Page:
Nunavik: alone in a canoe north of the 55th parallel

Nunavik: alone in a canoe north of the 55th parallel

UPDATE DAY

While for a month at Lake Wiyâshâkîm, Étienne Denis came across bears and caribou, but above all he found himself.

“There are To those who do closed retreats, I did a retreat in an open-air monastery… and without monks”, laughs Étienne Denis after returning from a month-long trip, solo, in Nunavik .

The traveler is happy to confide after the exhausting journey of 1600 km which separates his point of arrival, in Saint-Lambert, from the unique body of water in the world where he stayed from July 6 to August 4, the lake Wiyâshâkimî.

Formerly called Lac à l'Eau Claire, it is nevertheless the second largest natural lake in Quebec, after Lac Mistassini, north of Lac-Saint-Jean.

< p>Covering an area of ​​1243 km2, this inland sea has the particularity of being formed by two impacts of meteorites that occurred 286 and 460 million years ago. 

Lake Wiyâshâkimî is one of the most beautiful lakes in Quebec and one of the most amazing geological formations in northern Quebec. It is located in Tursujuq National Park.

The lake is made up of these two rings that touch each other. It is one of the few places in the world where freshwater seals live.

In his 17-foot canoe, Étienne Denis carried all his luggage and his food, which he had dehydrated himself before leaving. Between the start and the finish, he lost 10 pounds.

A modern-day nomad, the paddler must carry everything in his canoe.

Face to face with a bear

“Intense moments, yes, there were those from the first evening when a huge black bear came directly at me then I was preparing my supper,” says the canoeist who had one of the greatest scares of his life.

Unarmed, he confronted the beast, waving his arms and shouting at the top of his voice as we learn in survival guides. But the bear did not flinch. After four bear crackers (bearbangs) and gesticulations, the animal ended up turning on its heels.

Five degrees in the morning< /p>

July was a very tough month in Hudson's Bay this year. In the morning, it was sometimes 5°C and the tenacious winds often nailed the nomad to the camp. Barely three days of “t-shirt”… 

“At one point the wind lifted my canoe five meters. Fortunately, he was well attached!”

Lake Wiyâshâkimi was formed following meteorite impacts that occurred long before the era of the dinosaurs.

The bad weather did not affect the northern vampires. 

“It was the intergalactic black fly festival. I am certain that planet Earth alone cannot produce all these flies; some come from another planet,” he says.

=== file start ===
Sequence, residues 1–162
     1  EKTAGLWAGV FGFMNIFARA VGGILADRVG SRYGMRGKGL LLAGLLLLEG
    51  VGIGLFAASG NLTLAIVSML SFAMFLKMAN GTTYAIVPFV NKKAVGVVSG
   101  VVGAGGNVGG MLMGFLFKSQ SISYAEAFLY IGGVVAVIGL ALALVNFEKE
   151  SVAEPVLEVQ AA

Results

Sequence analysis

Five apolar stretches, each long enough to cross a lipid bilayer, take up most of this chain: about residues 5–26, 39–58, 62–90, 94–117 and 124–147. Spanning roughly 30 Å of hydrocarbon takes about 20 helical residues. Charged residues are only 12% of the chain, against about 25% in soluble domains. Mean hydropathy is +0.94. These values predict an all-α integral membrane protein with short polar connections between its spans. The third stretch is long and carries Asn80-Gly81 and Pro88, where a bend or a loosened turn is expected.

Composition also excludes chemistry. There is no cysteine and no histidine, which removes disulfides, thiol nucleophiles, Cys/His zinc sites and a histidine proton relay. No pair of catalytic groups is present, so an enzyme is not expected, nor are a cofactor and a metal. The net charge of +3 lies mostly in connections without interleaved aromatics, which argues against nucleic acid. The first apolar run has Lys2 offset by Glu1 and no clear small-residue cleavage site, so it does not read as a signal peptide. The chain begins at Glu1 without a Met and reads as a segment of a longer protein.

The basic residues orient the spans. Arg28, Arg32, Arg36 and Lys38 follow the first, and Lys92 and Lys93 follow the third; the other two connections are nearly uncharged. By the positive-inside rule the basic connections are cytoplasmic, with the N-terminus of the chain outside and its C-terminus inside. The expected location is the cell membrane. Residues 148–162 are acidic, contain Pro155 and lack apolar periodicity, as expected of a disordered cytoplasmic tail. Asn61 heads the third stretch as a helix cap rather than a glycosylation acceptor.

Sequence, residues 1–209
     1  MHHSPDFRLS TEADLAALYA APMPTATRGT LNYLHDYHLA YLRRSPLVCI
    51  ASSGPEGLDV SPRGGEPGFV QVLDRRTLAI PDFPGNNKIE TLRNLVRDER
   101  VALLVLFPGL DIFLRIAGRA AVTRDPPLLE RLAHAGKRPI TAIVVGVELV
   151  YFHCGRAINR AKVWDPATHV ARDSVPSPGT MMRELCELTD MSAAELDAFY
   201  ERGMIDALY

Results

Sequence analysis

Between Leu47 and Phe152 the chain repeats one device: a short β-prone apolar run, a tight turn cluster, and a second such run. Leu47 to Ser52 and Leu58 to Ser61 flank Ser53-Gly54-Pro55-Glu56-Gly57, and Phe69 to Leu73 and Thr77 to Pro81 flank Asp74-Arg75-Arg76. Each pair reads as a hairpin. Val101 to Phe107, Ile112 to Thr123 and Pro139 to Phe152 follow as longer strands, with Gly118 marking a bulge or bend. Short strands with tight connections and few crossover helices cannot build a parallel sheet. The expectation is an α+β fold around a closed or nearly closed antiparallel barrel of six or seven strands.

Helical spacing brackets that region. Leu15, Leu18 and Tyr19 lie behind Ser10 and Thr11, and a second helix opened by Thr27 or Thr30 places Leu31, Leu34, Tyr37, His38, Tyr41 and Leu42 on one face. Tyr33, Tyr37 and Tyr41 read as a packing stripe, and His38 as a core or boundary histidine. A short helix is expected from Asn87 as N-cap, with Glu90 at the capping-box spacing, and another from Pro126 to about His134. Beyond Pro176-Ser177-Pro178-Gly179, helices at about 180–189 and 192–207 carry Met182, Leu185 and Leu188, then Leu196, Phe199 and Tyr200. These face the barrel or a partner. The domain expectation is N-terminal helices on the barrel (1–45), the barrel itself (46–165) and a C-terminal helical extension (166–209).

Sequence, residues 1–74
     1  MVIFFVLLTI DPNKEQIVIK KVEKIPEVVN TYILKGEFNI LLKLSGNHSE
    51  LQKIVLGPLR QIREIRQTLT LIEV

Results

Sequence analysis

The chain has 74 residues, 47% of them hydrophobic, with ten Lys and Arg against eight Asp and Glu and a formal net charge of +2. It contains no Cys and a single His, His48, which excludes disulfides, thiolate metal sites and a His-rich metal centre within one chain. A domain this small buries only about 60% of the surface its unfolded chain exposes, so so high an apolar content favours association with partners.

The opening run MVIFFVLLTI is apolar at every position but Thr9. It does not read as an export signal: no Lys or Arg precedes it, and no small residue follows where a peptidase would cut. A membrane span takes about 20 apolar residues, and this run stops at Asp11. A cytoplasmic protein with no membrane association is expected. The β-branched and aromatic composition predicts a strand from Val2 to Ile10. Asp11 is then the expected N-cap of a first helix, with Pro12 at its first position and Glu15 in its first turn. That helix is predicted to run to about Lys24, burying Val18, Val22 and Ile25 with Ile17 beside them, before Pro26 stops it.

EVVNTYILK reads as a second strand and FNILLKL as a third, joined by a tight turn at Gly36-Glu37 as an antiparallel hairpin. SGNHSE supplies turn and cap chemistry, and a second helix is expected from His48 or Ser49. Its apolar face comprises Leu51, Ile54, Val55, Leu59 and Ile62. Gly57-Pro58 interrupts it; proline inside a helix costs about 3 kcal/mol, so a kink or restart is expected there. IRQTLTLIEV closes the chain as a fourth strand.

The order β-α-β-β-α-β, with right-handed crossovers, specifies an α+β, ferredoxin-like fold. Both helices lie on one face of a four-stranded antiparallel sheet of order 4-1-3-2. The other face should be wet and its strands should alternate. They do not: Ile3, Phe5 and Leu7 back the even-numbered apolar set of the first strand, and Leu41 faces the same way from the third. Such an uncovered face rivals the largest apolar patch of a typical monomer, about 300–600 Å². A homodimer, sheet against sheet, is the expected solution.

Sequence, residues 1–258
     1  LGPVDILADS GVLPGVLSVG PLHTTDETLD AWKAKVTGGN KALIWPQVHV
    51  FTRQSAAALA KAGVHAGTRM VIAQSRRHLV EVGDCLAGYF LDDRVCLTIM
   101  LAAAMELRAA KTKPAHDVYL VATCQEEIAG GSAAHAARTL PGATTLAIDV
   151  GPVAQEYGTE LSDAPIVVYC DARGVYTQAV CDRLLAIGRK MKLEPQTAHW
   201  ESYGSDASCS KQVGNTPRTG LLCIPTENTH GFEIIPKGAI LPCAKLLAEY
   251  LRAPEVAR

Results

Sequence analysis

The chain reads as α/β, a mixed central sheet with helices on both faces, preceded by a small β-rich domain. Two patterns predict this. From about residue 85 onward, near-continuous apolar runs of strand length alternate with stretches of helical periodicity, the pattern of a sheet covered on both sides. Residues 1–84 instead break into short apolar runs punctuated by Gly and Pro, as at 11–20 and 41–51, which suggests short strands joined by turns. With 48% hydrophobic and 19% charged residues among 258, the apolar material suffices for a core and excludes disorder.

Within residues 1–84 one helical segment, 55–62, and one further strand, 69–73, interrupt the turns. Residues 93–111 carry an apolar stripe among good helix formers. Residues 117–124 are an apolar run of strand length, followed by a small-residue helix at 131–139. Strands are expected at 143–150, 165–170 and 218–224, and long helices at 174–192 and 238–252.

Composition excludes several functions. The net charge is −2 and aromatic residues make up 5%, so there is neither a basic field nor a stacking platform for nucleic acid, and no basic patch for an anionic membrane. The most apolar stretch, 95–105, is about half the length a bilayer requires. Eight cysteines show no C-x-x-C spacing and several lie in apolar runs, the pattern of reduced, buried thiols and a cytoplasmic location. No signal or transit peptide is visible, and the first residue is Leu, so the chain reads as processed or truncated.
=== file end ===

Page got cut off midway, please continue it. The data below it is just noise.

Solo travel also has its pitfalls: camping duties cannot be shared. 

“While you are setting up the tent, no one is cooking supper. And after supper, no one says: you've done your part, I'll take care of the dishes.”  

DISTANT DESTINATION

  • The seaplane: Mirage Aventure, mirageaventure.com/fr/index.cfm. The cost is around $7,000 for both trips (the “in” and the “out”). This is a fixed price for the plane, not per passenger.
  • The park: this is Tursujuq Park, nunavikparks.ca/fr/parcs/tursujuq. For three weeks, access and camping fees are $190. Fishing fees are $290. This is a price per person.
  • The two meteor impact craters forming Lake Wiyâshâkî are among the largest in the world. 
  • The lake is located in Parc national Tursujuq, the largest protected area in Quebec with an area of ​​26,000 km2.
  • To get there, you have to drive 1620 km (about 22 hours) via Matagami, the James Bay road and the Transtaïga. From there, take the air route for 250 km.
  • Even if we are officially in a national park, Parc Tursujuq, “there is no service there” , sighs Étienne, who has duly registered and paid for his access rights. 

Total autonomy 

But what prompted this 57-year-old web content strategist, founder of an agency that once had 23 employees in his trendy office on rue Saint-Laurent, in Montreal (90 degrees), to leave behind him his girlfriend, Maude, his two children, Romane and Arthur, for such an extreme adventure?

“The call of the Far North”, he replies simply.

But also a almost metaphysical attraction for this mysterious place that he has already visited twice in the past, in 2013 and 2018…

It is on this lake that the action of his unpublished novel takes place, Helper Zero. In this spy thriller, the former science journalist sets the scene for a plot where science and philosophy converge.

What are we going to look so far? Caribou, birds by the hundreds… and trout galore. But above all, you come to find yourself.

It was a very trying trip.

“I discovered that I was capable of getting bored. It was the first time in my life that I missed people – my children, my girlfriend – so much.”

The reunion was festive.